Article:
06.11.2014 04:35 PM

Ipsos just now: Ontario Liberals behind in every region

…with those most likely to vote. Holy shit la merde!

They’ve got a huge sample – two thousand people. And look at what’s happened to the NDP vote! If this is a trend, and not a blip, who is going to be leader of the Opposition?

And, continuing with the breathless questions, what does it all mean, Virginia? It means GOTV tomorrow determines who wins. Full stop.

Ipsos, with my emphasis added:

“Examining the regional vote by those most likely to vote:

· In the 905, the PCs (43%) pull ahead of the Liberals (30%) and NDP (23%).

· In the 416, the NDP (38%) are in a statistical tie with the Liberals (35%),while the Tories (24%) trail.

· In Southwestern Ontario, the NDP (39%) are also ahead of the PCs (32%) and Liberals (25%).

· In Eastern Ontario, the Tories (43%) do well against the Liberals (29%) and NDP (24%).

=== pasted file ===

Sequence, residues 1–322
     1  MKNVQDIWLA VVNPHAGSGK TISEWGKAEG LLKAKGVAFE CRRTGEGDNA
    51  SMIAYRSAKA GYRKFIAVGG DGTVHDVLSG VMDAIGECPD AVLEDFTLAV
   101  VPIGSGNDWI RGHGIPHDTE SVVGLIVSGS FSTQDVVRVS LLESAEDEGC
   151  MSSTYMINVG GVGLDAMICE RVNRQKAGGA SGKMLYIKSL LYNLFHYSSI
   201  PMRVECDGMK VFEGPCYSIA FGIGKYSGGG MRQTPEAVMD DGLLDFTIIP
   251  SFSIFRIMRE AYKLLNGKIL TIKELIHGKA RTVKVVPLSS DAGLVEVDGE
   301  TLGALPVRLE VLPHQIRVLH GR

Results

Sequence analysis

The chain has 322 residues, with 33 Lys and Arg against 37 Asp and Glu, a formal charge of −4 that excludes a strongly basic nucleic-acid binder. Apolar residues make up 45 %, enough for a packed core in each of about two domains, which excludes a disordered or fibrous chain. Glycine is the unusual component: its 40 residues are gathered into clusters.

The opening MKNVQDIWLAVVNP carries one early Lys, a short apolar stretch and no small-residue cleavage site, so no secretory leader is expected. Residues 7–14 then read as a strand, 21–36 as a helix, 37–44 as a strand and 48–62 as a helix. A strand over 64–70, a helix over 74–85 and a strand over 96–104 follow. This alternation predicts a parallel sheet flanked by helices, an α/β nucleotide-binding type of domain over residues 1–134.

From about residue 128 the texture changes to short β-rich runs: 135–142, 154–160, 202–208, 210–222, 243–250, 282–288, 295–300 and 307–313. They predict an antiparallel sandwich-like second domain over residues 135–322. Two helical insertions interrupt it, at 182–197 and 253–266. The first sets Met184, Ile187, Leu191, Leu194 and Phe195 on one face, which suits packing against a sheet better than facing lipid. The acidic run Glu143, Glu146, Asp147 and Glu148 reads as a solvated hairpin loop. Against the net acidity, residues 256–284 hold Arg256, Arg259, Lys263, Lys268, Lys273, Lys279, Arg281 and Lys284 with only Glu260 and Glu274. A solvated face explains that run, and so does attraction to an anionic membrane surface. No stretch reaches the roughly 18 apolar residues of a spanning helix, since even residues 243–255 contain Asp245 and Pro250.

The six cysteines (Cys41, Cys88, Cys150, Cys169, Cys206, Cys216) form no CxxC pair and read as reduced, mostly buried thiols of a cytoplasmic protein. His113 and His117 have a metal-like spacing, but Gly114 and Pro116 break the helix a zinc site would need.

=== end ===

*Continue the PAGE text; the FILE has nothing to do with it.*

· In Central Ontario (based on a small sample size), the PCs (45%) pull ahead of the Liberals (35%) and NDP (17%).

· In Northern Ontario, the results (based on a small sample size), the PCs (37%), Liberals (34%) and NDP (28%) remain competitive.”

.

68 Comments

  1. Ty says:

    “In Southwestern Ontario, the NDP (39%) are also ahead of the PCs (32%)[…] In Northern Ontario…the PCs (37%), Liberals (34%) and NDP (28%) remain competitive.”

    http://thefilmstage.com/wp-content/uploads/2011/02/no-country-for-old-men-tommy-lee-jones1-650×399.jpg

  2. Matt says:

    Don’t you think Wynne’s constant “NDP supporters have to vote Liberal because only the Liberals can stop Tim Hudak” over the last few days just reeks of arrogance?

    All she’s done, and the Ipsos numbers seem to show this, is sufficiently piss off NDP voters to get them motivated to go vote NDP.

  3. sezme says:

    Well, that’s pretty much the craziest polling result on the eve of an election I’ve seen. Especially forgetting their “likely to vote” model, this: